Although the Science of Cocktails  event may be on hiatus next year due to the Exploratorium 's big move to the Embarcadero, this year's party is worth highlighting. Attending since the inaugural event three years ago (check out my previous review here ), I enjoy Science of Cocktails more each year.
I'm not sure if the new VIP area added much other than a bird's-eye view from above with a few additional (but minimal) bites and drinks, the bulk of food being downstairs. Options were more enticing than ever in the ideal museum space, where one can interact with exhibits, kid-free, cocktails in hand. The cavernous space easily holds hundreds of people without feeling packed.
Drinks were poured by some of the Bay's best bartenders and distillers, sporting white lab-coats, delivering concoctions from test tubes, beakers and hand-crafted contraptions. Cocktails were served in pre-bottled, liquid nitrogen, jello, even powdered forms. (Let us not forget the shiny, porcelain toilet spouting Speakeasy beer).
The biggest treat of the night was a special barrel from distiller Dave Smith at St. George Spirits  in collaboration with bartenders Darren Crawford (Bourbon and Branch) and Russell Davis (Rickhouse). The three of them call the endeavor the Manhattan Project, a tribute to Frank Oppenheimer, founder of the Exploratorium -- whose brother Robert was scientific director of the Manhattan Project that produced the first atomic bomb.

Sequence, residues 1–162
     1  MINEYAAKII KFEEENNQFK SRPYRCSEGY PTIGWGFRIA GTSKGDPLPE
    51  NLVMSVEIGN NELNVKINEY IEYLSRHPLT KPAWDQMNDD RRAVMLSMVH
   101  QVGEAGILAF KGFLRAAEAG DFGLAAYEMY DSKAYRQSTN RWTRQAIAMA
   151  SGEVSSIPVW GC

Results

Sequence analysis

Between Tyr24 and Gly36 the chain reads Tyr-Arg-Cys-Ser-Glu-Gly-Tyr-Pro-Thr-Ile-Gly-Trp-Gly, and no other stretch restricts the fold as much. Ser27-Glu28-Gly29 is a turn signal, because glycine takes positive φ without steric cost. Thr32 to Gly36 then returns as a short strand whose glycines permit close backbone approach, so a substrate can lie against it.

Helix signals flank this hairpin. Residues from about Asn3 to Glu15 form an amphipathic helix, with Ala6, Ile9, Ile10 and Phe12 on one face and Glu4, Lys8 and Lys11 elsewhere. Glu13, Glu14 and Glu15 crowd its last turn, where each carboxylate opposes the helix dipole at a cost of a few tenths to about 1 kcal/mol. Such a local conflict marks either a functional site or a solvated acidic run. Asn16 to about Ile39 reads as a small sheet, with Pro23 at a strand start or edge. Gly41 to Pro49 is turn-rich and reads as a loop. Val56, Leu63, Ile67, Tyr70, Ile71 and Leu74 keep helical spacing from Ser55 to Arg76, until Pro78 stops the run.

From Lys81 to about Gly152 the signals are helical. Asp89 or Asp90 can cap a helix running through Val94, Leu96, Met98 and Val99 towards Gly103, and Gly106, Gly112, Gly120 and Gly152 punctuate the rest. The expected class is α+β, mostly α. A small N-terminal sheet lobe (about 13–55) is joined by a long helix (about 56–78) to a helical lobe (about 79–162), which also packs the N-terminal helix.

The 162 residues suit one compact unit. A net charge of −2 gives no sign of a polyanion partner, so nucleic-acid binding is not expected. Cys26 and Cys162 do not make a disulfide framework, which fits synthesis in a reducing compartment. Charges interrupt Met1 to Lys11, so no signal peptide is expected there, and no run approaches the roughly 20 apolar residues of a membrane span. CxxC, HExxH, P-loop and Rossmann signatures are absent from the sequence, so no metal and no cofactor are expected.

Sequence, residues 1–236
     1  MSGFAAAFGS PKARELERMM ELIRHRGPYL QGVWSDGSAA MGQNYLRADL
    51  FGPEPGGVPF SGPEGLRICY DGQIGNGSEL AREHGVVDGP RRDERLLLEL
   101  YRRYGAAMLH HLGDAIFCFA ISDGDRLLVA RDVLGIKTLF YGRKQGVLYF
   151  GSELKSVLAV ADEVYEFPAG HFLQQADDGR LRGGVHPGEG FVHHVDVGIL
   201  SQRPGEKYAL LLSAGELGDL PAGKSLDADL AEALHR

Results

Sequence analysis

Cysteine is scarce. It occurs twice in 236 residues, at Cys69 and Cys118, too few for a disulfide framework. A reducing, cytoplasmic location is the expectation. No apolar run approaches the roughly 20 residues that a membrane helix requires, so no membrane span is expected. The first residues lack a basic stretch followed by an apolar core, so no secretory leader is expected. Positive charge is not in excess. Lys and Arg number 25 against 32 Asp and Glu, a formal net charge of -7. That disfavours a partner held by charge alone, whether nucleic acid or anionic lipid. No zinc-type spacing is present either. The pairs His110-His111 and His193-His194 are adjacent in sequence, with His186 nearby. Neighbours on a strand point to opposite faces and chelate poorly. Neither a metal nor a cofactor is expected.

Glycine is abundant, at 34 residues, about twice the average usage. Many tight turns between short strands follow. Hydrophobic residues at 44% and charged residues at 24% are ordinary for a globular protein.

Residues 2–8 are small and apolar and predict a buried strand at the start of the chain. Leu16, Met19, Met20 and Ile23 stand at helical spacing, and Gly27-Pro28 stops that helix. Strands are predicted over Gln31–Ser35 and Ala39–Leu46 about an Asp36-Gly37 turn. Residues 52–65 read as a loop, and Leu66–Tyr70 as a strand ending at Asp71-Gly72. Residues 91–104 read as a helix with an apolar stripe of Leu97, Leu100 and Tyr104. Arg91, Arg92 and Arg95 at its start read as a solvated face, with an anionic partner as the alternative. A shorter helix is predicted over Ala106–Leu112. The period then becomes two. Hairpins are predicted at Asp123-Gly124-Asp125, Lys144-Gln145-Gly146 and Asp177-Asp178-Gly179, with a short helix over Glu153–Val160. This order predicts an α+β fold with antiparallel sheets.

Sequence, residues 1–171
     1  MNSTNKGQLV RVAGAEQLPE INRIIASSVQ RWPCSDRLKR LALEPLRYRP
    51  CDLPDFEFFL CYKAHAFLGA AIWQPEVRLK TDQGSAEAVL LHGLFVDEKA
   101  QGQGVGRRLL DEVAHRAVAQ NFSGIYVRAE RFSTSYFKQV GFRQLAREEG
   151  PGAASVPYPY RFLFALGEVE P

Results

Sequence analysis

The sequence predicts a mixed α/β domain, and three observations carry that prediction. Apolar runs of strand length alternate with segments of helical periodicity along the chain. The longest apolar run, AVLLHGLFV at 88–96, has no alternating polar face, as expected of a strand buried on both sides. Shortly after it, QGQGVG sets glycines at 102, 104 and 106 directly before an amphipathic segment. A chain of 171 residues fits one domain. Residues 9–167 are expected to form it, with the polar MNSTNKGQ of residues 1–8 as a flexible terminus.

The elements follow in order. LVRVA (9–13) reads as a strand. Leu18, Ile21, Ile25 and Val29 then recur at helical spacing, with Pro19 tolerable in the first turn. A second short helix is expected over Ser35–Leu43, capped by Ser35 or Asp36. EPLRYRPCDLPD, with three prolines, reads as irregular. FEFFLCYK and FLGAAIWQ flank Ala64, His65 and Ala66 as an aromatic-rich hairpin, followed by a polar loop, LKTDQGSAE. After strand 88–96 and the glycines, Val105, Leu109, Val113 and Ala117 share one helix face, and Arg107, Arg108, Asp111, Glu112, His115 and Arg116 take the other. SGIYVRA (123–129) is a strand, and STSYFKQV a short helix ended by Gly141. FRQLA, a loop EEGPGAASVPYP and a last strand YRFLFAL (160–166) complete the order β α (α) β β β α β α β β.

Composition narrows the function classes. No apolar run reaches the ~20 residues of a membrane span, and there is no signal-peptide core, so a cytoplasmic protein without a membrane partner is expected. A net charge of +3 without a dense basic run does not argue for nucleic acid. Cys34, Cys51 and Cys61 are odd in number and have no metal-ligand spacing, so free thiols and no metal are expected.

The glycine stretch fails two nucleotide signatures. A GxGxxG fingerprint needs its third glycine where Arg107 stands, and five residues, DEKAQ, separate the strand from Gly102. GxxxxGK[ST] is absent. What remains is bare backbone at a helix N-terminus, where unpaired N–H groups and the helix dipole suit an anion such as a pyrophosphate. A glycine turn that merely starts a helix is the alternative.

No bombs here. however. Only fine whiskey. Using St. George's new Breaking and Entering Bourbon (B&E), the dynamic trio aged Manhattan cocktails with their own precise blend of vermouths (Punt E Mes, Dolin Rouge, Carpano Antica), serving a balanced, aged Manhattan. The unexpected came when they followed that up with a pour of B&E bourbon finished in the barrel used to age the Manhattan.
The first whiskey aged in a cocktail barrel, whispers of spice and bitters from the Manhattan up the B&E experience. This beauty won't be for sale but you might just see the like of it at special drink events such as this.
My favorite cocktail of the night was Christina Cabrera's (Michael Mina) Roses Foxtrot. Made with Four Roses bourbon, Calvados apple brandy, Gran Classico, Benedictine, Angostura bitters, and her own cardamom pear syrup and coffee tincture, the pièce de résistance was a thick absinthe foam and gently fried sage leaf Cabrera topped the drink with. Lush and light, the absinthe foam endowed a creamy crown and anise spirit to the cocktail. I could eat the foam and softly sugared sage leaves all on their own (and did). As a whole, the drink melded into a textural, breezy pleasure.
Other highlights included Jennifer Colliau's (Slanted Door) mocktails using her own unmatched Small Hand Foods http://smallhandfoods.com/  line of gum syrups, grenadine and the like. Leave it to skilled hands to make some of the best drinks of a cocktail event sans alcohol (I was in love with her coconut water/orgeat drink).
It's a long wait until 2014, but here's to many more years of Science of Cocktails in the new Exploratorium.
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